The Posies

The Posies

The Posies

Blood/Candy

Ryko

It’s been five years since Jon Auer and Ken Stringfellow last got together for a Posies record, 2005’s remarkable comeback Every Kind of Light. But as this consummate power pop band has demonstrated time and again over the course of the last 20 years, a Posies record is always worth the wait. While paying homage to a few musical heroes, getting some stellar assistance on a few tracks, and adventurously breaking some new musical ground, Blood/Candy ultimately sounds like the definitive statement from a band that has had more than its share of high points over the years.

Indeed this record seems to take the best bits of all Posies eras and combine them in a stew that tastes remarkably fresh and alive and full of possibilities. Whether you’re a fan of the impressively ornate popcraft of 1990’s Dear 23, the crunch of 1993’s grunge-era Frosting on the Beater, or the more stripped down sound of 1998’s Success, there is something here for you. There are plenty for fans of The Hollies and Big Star here as well. Auer and Stringfellow previously covered the former and took part in reunion shows with the latter, prior to Alex Chilton’s death earlier this year.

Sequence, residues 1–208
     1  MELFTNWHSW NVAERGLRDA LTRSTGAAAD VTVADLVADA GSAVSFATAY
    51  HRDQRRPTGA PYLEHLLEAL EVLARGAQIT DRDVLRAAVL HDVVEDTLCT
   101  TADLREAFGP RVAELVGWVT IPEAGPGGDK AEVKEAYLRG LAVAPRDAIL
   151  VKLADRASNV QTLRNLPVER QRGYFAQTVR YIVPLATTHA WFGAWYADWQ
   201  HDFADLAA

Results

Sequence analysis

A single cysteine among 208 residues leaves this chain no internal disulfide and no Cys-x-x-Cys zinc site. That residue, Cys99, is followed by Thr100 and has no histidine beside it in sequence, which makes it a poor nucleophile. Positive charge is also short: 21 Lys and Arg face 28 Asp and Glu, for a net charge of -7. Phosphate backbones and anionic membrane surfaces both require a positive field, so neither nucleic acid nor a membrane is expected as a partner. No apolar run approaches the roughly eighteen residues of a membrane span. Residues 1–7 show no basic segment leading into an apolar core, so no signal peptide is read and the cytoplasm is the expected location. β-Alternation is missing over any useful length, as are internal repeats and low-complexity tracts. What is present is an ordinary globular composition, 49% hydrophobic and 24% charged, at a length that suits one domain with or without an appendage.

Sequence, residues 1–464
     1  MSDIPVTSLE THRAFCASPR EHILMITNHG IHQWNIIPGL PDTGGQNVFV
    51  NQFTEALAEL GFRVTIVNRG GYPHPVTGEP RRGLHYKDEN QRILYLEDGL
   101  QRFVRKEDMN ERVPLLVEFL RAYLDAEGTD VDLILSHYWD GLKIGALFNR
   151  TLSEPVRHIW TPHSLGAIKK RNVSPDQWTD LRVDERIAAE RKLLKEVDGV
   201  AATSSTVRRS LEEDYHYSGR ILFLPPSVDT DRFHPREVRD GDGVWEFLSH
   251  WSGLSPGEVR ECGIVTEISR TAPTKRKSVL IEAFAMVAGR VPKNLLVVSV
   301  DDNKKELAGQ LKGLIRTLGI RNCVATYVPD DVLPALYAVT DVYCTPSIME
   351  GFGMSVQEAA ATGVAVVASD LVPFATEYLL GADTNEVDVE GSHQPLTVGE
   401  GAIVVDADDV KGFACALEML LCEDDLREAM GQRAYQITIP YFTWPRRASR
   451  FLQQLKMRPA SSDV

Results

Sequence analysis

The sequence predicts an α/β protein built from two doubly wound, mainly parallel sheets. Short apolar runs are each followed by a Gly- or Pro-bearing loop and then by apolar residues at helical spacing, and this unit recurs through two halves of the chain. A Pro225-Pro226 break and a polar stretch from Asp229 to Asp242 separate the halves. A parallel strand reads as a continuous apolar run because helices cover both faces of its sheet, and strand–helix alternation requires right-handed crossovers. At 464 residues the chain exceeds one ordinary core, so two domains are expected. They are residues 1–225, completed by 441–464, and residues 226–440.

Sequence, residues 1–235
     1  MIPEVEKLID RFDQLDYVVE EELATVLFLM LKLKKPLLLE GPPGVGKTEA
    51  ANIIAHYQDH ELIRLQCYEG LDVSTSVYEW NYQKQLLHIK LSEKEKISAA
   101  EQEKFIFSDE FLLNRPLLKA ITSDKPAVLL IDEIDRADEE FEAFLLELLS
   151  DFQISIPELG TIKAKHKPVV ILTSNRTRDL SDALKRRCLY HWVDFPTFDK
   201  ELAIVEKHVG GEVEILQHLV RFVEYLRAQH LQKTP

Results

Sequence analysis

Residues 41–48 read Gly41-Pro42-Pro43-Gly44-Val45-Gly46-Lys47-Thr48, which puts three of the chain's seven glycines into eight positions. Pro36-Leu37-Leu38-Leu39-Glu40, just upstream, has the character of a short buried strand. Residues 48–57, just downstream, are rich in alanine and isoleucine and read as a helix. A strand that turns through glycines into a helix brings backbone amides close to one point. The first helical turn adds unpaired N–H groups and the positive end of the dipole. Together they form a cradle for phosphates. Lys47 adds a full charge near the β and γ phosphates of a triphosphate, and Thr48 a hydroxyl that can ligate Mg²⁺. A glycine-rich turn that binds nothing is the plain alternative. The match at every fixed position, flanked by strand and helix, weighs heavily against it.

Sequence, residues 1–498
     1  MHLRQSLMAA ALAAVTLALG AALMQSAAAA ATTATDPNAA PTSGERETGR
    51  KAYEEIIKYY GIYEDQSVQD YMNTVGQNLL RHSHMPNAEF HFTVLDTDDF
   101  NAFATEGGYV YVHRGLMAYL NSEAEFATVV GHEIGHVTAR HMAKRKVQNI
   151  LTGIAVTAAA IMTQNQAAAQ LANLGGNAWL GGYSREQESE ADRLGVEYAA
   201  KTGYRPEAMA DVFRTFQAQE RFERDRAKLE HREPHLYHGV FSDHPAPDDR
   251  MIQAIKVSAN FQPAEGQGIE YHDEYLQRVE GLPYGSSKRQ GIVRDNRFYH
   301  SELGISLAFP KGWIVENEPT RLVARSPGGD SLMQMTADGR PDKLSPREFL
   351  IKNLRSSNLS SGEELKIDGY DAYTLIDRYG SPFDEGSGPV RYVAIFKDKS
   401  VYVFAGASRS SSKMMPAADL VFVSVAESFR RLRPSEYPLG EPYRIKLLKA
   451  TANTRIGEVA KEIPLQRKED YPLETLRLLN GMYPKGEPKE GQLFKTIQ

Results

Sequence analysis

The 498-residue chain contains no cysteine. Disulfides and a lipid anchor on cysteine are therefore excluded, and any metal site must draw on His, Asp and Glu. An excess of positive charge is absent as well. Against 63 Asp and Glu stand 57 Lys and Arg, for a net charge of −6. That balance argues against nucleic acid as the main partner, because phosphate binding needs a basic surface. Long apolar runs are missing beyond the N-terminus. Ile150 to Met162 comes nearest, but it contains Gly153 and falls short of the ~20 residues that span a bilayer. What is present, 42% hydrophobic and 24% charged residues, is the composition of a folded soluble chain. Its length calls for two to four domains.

Ever present on Blood/Candy are Auer and Stringfellow’s vocal harmonies that sound as natural as they ever have. They’ve never been in finer voice.

The band, which also includes drummer Darius Minwalla and bassist Matt Harris, also takes plenty of chances on Blood/Candy. The Stringfellow-led “Licenses to Hide,” with guest vocals from Lisa Lobsinger of Broken Social Scene, is an ambitious song suite that brings to mind Queen’s “Bohemian Rhapsody” without the opera references. While somewhat less elaborate, Auer’s “The Glitter Prize,” which features harmony vocals from Kay Hanley of Letters to Cleo, is an equally perfect pop song. Strummed acoustic guitars, pumping bass, a killer chorus and bridge, and the perfect mix of shimmering clarity and crunch all combine to make it an album highlight.

But they’re just getting started. Auer also offers the effortlessly melodic “So Caroline,” the forgetfully nostalgic “Cleopatra Street,” the Crowded House-like “Holiday Hours,” and the weird but wonderful Zombies/ Hollies/ Beach Boys mashup of song styles, “Accidental Architecture.” Stringfellow gets impressive showcases on the dark but driving “Take Care,” the vocal effects-laden “For the Ashes,” and the simply stunning “She’s Coming Down.” He even gets to share the mic with ex-Stranglers frontman Hugh Cornwell on opening track “Plastic Paperbacks.”

Before it’s all over, Auer and Stringfellow also come together on “Notion 99,” for what sounds like the perfect old school Posies song.

But be sure to stick around for the coda to set closer “Enewetak” for a lovely homage to Pet Sounds-era Beach Boys. If it seems like the record’s only too obvious spot-the-influence moment, it’s also the sound of Auer and Stringfellow proclaiming to the world that now they can do anything. And on Blood/Candy, they do. It’s a remarkable step forward for an enduring musical partnership and one of the best records of the year.

The Posies: www.theposies.net

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